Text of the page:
Ron Haviv: It is a situation by situation decision regarding permission. In the United States, if you and your subject are in public, there is no legal requirement for permission. If you are on or in someone’s personal property, permission is needed. In many cases, if I point a camera towards someone, and there is no negative reaction, I feel fine in taking the image. If they say no, verbally or otherwise, I respect their choice. If, however, there is a crime, violent act, or people are there for the purpose of being photographed, I will take the image.

Bieke Depoorter: Normally yes. I often feel uncomfortable with taking pictures in the streets, because it somehow feels like stealing… I feel better if I first ask for permission. When I enter in peoples home, it’s more easy, as I explain to them my ideas before they invite me into their home. I understand, though, if street photographers do not ask for permission first… the moment can be easily gone if you asked. It’s all about having respect for your subject. If you have that, not a lot of things can go wrong.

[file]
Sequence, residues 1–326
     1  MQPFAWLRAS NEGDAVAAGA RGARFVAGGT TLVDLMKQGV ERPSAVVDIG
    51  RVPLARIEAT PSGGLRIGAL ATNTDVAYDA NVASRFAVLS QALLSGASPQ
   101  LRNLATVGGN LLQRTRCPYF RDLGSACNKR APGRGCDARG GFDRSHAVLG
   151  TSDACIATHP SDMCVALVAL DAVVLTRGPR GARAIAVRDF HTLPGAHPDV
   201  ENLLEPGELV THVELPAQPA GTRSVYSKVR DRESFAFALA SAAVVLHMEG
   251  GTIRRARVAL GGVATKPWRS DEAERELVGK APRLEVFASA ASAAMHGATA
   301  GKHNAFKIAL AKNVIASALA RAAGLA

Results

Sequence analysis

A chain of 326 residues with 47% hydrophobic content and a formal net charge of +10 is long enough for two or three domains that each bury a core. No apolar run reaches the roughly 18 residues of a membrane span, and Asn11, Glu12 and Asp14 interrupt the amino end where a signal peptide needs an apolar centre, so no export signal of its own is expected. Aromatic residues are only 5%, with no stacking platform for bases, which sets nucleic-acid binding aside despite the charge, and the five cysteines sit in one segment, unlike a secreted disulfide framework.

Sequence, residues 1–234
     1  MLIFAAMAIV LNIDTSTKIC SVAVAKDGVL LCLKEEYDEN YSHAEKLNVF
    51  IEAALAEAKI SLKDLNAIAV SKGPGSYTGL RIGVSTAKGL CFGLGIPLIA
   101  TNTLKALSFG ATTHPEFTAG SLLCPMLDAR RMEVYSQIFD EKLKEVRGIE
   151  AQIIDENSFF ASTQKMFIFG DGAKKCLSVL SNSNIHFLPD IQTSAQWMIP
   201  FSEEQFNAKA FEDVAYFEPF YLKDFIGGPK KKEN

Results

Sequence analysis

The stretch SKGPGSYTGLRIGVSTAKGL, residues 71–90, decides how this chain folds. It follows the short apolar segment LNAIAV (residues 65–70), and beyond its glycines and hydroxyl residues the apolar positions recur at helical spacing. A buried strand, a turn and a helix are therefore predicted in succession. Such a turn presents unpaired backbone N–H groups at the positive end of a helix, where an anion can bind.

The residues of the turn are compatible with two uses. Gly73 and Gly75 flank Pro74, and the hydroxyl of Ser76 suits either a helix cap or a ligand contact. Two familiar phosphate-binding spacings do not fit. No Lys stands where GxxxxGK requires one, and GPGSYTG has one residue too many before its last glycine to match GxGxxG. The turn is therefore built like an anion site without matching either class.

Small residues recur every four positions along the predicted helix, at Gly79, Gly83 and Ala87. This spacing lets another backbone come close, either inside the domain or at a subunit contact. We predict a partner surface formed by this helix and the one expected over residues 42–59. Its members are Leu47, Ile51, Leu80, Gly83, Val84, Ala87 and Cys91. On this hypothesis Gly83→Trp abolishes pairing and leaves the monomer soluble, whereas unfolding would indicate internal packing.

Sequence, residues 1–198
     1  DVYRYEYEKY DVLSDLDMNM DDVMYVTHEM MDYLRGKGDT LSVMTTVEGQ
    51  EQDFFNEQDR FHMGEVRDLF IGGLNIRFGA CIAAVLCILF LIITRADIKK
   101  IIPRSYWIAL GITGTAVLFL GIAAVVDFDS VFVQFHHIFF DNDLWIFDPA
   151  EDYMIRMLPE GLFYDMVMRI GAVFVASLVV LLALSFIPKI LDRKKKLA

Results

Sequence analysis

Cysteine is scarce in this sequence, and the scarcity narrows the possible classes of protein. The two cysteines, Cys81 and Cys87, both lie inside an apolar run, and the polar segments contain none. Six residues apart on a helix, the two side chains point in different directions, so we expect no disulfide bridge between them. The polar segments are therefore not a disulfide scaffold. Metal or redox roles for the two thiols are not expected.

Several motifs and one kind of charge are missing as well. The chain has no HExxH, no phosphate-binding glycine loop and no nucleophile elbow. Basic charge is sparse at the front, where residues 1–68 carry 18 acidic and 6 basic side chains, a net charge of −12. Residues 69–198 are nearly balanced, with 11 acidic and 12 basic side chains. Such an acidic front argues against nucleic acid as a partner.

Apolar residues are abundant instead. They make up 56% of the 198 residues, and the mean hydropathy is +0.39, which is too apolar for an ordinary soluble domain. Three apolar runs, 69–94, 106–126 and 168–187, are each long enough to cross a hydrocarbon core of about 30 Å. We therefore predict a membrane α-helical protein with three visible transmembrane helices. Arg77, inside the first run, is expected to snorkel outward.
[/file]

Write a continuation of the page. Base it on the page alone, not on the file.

“One Day Young” Shows Women in the Earliest Hours of Motherhood

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Hazel and Rudy

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Clemmie and Imogen

After giving birth to her second child, while still reveling in the pride-laden afterglow, editorial photographer Jenny Lewis began to wonder why the only representations she had seen of this post-natal period in a woman’s life were images of corseted and flat-bellied women in magazines or heartwarming Hallmark card references, all either idealized or completely cheesy. Why was no one documenting those first transcendent moments of motherhood, when “the rug of life is just being ripped out from underneath you and suddenly you’re just like a god, a Greek god, a statue”? Childbirth wasn’t something to just get through and quickly cover up; that incomparable confrontation with one’s own creative powers, that profound redefinition of self in relation to a new other—those were things worth celebrating. And so One Day Young was born, a personal project spanning five years and over 150 subjects, capturing motherhood in its earliest hours through intimate, painterly portraits of new mothers residing in Lewis’ own London borough of Hackney.